As a longtime Airbnb host, I've seen it all. What many guests don't realize is that Airbnb has its own unwritten code of conduct, and that following a few basic rules will make life easier on a potentially stressed host, while making it more likely they will go out of their way to make sure you have the best trip possible—and leave you a good review.
If you told a host you were checking in at 3pm, and it looks like traffic or a flight delay is going to bump things closer to 8pm, for the love of all that is holy: Tell your host! A huge number of guests—particularly ones more used to hotels—think they can just show up anytime after (or, even worse, before) the listed checkin time and somebody will be waiting for them. The fact is that a lot of hosts juggle Airbnb duties with the rest of their busy lives, and there's a good chance your host scheduled your checkin between work, family, and fun. If you don't tell them that your arrival time may have changed, you may very well keep a good person waiting for hours.
You'll want to confirm other details too. Some guests have a tendency to only look at the checkin instructions once they've showed up at the address. If you have any questions about how to find the place or get in, the right time to ask is before your trip.
Every host is going to deal with this sooner or later, but there are always guests who have no problem bringing five people to their two-person booking. There so many reasons this is a bad idea—even if your intentions are innocent, and your goal isn't to throw a rager. Besides the deceit and lack of decency, guests who aren't part of an official booking may not be covered by Airbnb's customer service, meaning if something goes wrong, things can get real bad, real fast. A host's insurance may also have strict occupancy limits, and exceeding that can create liability issues.
Hosts may also charge an extra-person fee for larger groups. Of course, avoiding these fees is probably the most common reason for the ol' sneakaroo. But the fact is that more people tends to equal more problems. There's more wear and tear on the house, greater utility use, possibly greater insurance costs, more laundry and associated expenses, a greater chance somebody will spill red wine on a white rug, et cetera, et cetera, et cetera. I promise you we're not trying to rip you off with these fees, it's simply more time, hassle, and expense to host more people. Please respect that.
The other big reason for the sneak-in: A desire to bring in more people than the host might allow as a max. Again, this is wrong for so many reasons. That limit exists for a reason: Whether it's common sense (maybe it's a small place), an insurance mandate, a building rule, or simply a desire to not host parties. Please. Please. Please respect hosts' max. If it looks like your cousin is going to be joining you at the last minute, tell the host. Ask! If a guest is upfront and honest, I'll do all I can to accommodate their group—even if it means bending my own rules. And I always appreciate the honesty.
This is every Airbnb host's nightmare review: "Great stay! Everything was perfect! Four stars." Problem is, many guests view the Airbnb star-rating system as analogous to hotel stars, which have nothing to do with how well a stay met expectations, and everything to do with indoor swimming pools and on-call concierges. When the above reviews occur, I often ask guests what I could have done to earn that fifth star, and the answer is usually something along the lines of: "Nothing! The stay was great and four stars is really good! I imagine five-stars being like the Ritz."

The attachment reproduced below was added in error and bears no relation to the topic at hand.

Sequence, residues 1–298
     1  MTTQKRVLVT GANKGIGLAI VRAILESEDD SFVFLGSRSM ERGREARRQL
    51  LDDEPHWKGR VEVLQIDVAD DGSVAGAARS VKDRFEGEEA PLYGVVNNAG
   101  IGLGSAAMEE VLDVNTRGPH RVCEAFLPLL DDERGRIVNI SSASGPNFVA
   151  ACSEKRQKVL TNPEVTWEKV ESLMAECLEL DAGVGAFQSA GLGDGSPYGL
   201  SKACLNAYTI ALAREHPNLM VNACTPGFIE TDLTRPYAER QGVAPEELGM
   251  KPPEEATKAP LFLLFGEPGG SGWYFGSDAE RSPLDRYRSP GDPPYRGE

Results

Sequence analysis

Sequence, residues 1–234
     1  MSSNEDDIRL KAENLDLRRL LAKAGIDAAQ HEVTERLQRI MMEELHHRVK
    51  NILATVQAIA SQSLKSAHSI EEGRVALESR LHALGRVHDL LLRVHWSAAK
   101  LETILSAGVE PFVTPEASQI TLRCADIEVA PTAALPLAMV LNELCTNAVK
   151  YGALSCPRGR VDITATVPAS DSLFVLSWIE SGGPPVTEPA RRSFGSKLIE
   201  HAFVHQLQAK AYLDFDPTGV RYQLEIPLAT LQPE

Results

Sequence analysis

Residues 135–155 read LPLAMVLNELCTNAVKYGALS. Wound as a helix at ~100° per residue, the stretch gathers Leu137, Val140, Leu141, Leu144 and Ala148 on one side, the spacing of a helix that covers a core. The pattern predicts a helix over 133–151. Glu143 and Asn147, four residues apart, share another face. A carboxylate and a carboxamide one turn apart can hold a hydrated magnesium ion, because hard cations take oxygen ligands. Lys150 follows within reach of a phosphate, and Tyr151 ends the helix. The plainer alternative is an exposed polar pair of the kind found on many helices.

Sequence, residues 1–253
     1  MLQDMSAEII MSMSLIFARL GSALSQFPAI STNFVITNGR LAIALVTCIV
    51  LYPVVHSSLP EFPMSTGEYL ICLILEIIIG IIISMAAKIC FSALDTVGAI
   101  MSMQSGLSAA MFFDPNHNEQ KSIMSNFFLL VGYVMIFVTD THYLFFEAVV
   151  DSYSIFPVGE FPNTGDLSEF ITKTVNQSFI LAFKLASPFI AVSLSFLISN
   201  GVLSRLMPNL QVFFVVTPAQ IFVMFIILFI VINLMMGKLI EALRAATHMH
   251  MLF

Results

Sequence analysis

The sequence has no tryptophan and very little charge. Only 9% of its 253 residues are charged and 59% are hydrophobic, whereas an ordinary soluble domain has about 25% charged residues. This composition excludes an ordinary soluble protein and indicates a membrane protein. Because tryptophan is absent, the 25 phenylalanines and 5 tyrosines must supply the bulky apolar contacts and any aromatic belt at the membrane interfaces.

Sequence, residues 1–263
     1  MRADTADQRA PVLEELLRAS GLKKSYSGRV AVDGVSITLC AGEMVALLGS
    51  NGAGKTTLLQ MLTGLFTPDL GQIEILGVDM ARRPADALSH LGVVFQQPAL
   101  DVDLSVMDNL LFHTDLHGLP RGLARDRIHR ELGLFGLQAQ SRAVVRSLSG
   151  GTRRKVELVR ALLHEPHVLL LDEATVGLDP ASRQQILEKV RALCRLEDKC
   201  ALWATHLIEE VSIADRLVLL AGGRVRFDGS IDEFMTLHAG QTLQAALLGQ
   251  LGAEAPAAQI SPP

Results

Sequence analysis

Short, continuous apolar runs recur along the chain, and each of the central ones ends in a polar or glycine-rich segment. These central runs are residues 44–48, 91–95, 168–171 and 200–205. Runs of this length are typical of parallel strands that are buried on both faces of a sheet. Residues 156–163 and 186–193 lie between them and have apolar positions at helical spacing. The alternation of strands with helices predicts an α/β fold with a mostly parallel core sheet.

What these guests may not realize: Four stars may be totally great for a hotel, but is pretty much an unacceptable rating on Airbnb. Seriously: The site sends hosts warning notices if you rack up too many four-star reviews, and four-star listings may even be delisted. Airbnb star ratings are effectively binary: Five stars is great, and anything else is really bad.
Bottom line: Rate your stay based on how well it met your expectations based on your needs and how the listing presented itself. Do not rate it based on the standard hotel star-rating system.
It goes without saying: When it comes to Airbnb guests, thou shalt not steal. Less obvious: It's a really, really good idea to ask before raiding the closet for linens and towels.
Such a grab may seem innocuous to guests, but the fact is that those linens could have been set aside for the next booking. If there’s a tight turnaround, finding out those set-aside linens are now soiled can create a real headache.
If you need more than what is provided, the answer is simple: Ask! And if at all possible, do it in advance if, for example, you know somebody will be sleeping on a sofa or you'll need extra towels for the beach or pool. I tell guests I’m always happy to provide whatever they need, but to please let me know in advance.
In addition to the Airbnb site and app, users can read and respond to Airbnb messages via SMS. However, this is something you should never, ever do. The problem: The SMS character limit cuts off all but the shortest Airbnb messages, which creates no shortage of communication snafus when guests miss vital info tucked into the end of longer messages. To make things worse, the guests who tend to lean towards using SMS over the Airbnb app are often Airbnb newbies who could most benefit from whatever important info we're trying to send their way so as to ensure they have a smooth stay.
Instead of using SMS, just download the Airbnb app and use it for your messages. Believe me: It makes things easier for all.
I'm a New York-based writer and entrepreneur. I appear on a few shows on the Travel, Science, History, Discovery, and Nat Geo channels. I also write for numerous publica...